Friday, August 7, 2020

Culture of the High and the Strange, Pt 1 - Cultural Origins

“I look and I look... I must have come to the wrong planet…
It’s so strange here...”

- Sigbjørn Obstfelder

The following is an excerpt from book two of the "Heresies" trilogy, Applied Tek-Gnostics. It is taken from chapter two, titled: ANTHROPOLOGY - Sociology and Individual Agency. The above link will take you to our products page, or as we call it, our HEADgear catalogue... but the trilogy books are also available through Amazon, ibooks and other fine purveyors of print and e-books.

In part one of this weblog series, we investigate the archaic origins of human culture, as it pertains to ancient ritual, notions of the afterlife, and divination...

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Much of book one of the Tek-Gnostics Trilogy focused upon the amazing advancements of modern humanity as chronicled in our recorded history. For convenience of discussion, we had encapsulated human history into a round, 10,000 year number. This was the accepted timeline for human civilization by 20th century archeological standards. Recent archeological evidence, unearthed at sites such as the now-famous Göbekli Tepe in southeastern Turkey, suggests a much older timeline for human civilization. 

As we indicated in book one, continued archeological investigations push human civilization’s timeline to ever earlier dates. 21st century analysis of artifacts recovered from caves in South Africa reveal that the residents were carving bone tools, using pigments and making beads over 44,000 years ago. These early humans even decorated bone implements with a spiral incision that was then filled with red-clay pigment. Such adornment suggests a creative aesthetic.

Archeology is an exceedingly interesting branch of anthropology, as it seeks to identify civilizational origins through the study of human artifacts. However, if the archeologists study ancient burial mounds, flint shards and bones, it is the anthropologists who study the socio-cultural aspects of human civilization. For it is the earliest evidences of abstract thought, such as decorative craft, art, and especially ceremonial burial observances and ritual, that mark the true transition to early human society and cultural permanence.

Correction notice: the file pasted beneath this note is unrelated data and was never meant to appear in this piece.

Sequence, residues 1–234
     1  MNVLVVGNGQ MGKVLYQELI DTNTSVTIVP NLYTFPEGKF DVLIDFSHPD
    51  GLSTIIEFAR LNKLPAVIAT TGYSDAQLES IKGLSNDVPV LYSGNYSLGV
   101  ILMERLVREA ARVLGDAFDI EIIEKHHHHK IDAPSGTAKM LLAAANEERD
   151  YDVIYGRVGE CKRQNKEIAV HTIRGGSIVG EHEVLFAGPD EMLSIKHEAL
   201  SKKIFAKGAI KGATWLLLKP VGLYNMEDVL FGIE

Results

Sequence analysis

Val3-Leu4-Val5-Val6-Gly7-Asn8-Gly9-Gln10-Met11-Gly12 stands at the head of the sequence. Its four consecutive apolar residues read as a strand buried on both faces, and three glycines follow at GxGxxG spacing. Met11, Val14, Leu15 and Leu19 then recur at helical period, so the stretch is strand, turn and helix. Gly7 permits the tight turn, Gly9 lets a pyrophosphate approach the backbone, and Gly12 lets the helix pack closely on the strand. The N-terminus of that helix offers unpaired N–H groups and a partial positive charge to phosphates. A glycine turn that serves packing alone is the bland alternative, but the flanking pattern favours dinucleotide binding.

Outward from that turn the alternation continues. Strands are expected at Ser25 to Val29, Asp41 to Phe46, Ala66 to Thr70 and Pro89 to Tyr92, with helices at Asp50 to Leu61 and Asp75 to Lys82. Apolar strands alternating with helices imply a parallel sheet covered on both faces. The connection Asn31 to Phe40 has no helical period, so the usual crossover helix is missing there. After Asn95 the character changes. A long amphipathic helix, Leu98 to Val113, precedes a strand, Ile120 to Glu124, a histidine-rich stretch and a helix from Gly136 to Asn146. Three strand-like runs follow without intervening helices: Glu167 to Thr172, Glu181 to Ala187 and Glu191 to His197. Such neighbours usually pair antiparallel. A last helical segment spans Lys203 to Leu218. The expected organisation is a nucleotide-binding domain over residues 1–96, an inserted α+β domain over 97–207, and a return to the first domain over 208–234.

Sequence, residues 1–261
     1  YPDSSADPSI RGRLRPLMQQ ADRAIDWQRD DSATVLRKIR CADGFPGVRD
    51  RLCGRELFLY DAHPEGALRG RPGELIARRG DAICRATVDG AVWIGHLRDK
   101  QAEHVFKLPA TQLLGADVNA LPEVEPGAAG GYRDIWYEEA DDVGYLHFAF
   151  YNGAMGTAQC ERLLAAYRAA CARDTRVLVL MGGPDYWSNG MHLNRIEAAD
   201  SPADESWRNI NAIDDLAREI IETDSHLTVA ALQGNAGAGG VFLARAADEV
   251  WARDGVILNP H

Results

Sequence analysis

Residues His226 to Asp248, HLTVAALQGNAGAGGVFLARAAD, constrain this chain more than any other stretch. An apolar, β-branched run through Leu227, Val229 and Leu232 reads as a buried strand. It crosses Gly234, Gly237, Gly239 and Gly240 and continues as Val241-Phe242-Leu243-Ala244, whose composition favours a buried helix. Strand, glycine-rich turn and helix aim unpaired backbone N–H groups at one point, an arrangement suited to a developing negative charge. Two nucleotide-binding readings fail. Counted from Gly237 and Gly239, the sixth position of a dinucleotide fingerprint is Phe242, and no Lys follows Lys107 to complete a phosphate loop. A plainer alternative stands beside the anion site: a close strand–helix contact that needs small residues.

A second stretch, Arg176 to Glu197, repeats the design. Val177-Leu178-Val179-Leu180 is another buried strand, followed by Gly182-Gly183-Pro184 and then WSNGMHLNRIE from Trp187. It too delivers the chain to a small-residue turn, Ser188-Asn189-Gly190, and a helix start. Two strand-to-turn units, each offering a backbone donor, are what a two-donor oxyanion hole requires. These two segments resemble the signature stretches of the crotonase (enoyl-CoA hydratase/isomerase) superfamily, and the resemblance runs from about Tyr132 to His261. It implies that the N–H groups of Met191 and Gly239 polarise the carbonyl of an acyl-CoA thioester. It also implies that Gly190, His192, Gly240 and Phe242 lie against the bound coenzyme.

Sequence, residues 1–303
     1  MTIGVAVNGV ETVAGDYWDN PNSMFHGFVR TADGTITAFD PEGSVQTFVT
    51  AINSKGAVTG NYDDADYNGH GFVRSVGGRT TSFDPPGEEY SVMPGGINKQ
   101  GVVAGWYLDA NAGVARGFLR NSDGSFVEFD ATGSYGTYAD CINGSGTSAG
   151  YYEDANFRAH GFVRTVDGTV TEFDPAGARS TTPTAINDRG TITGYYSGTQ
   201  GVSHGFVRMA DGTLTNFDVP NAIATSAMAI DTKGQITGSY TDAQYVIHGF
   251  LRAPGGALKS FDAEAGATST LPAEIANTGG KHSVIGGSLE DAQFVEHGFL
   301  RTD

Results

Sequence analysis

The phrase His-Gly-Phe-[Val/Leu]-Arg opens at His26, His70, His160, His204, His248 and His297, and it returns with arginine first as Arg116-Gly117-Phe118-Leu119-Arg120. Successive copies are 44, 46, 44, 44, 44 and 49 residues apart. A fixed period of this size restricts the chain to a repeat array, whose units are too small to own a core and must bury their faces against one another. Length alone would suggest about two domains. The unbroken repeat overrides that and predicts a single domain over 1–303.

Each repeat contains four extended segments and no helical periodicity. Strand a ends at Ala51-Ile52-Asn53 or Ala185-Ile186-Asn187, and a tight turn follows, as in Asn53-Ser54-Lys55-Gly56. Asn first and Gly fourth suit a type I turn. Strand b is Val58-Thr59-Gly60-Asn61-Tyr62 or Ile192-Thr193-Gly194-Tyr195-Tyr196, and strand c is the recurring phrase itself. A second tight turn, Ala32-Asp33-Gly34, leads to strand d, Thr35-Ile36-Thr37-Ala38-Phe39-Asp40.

It was precisely these first observations of burial rites that mark humanity’s earliest abstractions of an afterlife, and by extension, the understanding of spirit and the continuation of spirit after death. Once humans began to think beyond the confines of a single lifetime, the conceptions of past, present and future, moved beyond mere survival considerations. This was the true inception of culture, mediated religiosity and human modernity.

It can be argued that whatever triggered the inception of burial rites also triggered the first attempts at prognostication and divination. Humans have striven to foretell the future ever since the first soothsayer rolled out a “fistful of bones” to interpret their meaning. Forecasting ritual has been with us since the end of the Paleolithic era. Over time, the archaic soothsayer gave way to the oracle and oracular institutions, which became the early mystery schools of Antiquity. In turn, the ancient mystery schools (or mystery “cults,” depending on one’s critical disposition) slowly gave way to organized religions. As such, divination and religion have, for good or ill, always been intertwined.